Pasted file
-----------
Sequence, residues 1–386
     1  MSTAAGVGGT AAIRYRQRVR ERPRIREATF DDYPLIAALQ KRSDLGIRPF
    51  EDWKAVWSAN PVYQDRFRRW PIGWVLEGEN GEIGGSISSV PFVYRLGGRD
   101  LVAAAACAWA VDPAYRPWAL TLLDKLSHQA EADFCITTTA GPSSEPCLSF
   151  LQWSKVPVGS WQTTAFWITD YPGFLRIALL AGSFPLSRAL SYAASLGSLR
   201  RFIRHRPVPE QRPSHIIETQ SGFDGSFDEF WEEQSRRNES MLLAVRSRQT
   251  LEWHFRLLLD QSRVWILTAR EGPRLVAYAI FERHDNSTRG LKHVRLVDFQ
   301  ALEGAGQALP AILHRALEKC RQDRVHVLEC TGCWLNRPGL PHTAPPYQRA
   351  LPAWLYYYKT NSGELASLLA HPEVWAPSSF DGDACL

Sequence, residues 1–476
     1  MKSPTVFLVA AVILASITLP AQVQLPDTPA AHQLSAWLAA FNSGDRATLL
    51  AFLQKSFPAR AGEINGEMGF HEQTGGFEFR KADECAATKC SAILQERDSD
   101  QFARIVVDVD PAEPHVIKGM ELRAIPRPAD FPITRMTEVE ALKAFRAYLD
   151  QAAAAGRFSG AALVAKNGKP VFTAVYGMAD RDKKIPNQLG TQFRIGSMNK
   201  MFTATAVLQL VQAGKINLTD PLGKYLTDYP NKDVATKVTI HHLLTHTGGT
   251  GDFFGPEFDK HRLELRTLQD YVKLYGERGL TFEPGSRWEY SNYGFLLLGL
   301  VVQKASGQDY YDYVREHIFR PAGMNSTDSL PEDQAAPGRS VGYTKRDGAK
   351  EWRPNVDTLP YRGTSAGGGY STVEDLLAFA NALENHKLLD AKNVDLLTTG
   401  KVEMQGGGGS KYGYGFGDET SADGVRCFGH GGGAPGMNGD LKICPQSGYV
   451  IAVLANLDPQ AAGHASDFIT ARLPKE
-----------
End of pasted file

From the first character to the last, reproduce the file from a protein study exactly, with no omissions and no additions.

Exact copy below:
Sequence, residues 1–386
     1  MSTAAGVGGT AAIRYRQRVR ERPRIREATF DDYPLIAALQ KRSDLGIRPF
    51  EDWKAVWSAN PVYQDRFRRW PIGWVLEGEN GEIGGSISSV PFVYRLGGRD
   101  LVAAAACAWA VDPAYRPWAL TLLDKLSHQA EADFCITTTA GPSSEPCLSF
   151  LQWSKVPVGS WQTTAFWITD YPGFLRIALL AGSFPLSRAL SYAASLGSLR
   201  RFIRHRPVPE QRPSHIIETQ SGFDGSFDEF WEEQSRRNES MLLAVRSRQT
   251  LEWHFRLLLD QSRVWILTAR EGPRLVAYAI FERHDNSTRG LKHVRLVDFQ
   301  ALEGAGQALP AILHRALEKC RQDRVHVLEC TGCWLNRPGL PHTAPPYQRA
   351  LPAWLYYYKT NSGELASLLA HPEVWAPSSF DGDACL

Sequence, residues 1–476
     1  MKSPTVFLVA AVILASITLP AQVQLPDTPA AHQLSAWLAA FNSGDRATLL
    51  AFLQKSFPAR AGEINGEMGF HEQTGGFEFR KADECAATKC SAILQERDSD
   101  QFARIVVDVD PAEPHVIKGM ELRAIPRPAD FPITRMTEVE ALKAFRAYLD
   151  QAAAAGRFSG AALVAKNGKP VFTAVYGMAD RDKKIPNQLG TQFRIGSMNK
   201  MFTATAVLQL VQAGKINLTD PLGKYLTDYP NKDVATKVTI HHLLTHTGGT
   251  GDFFGPEFDK HRLELRTLQD YVKLYGERGL TFEPGSRWEY SNYGFLLLGL
   301  VVQKASGQDY YDYVREHIFR PAGMNSTDSL PEDQAAPGRS VGYTKRDGAK
   351  EWRPNVDTLP YRGTSAGGGY STVEDLLAFA NALENHKLLD AKNVDLLTTG
   401  KVEMQGGGGS KYGYGFGDET SADGVRCFGH GGGAPGMNGD LKICPQSGYV
   451  IAVLANLDPQ AAGHASDFIT ARLPKE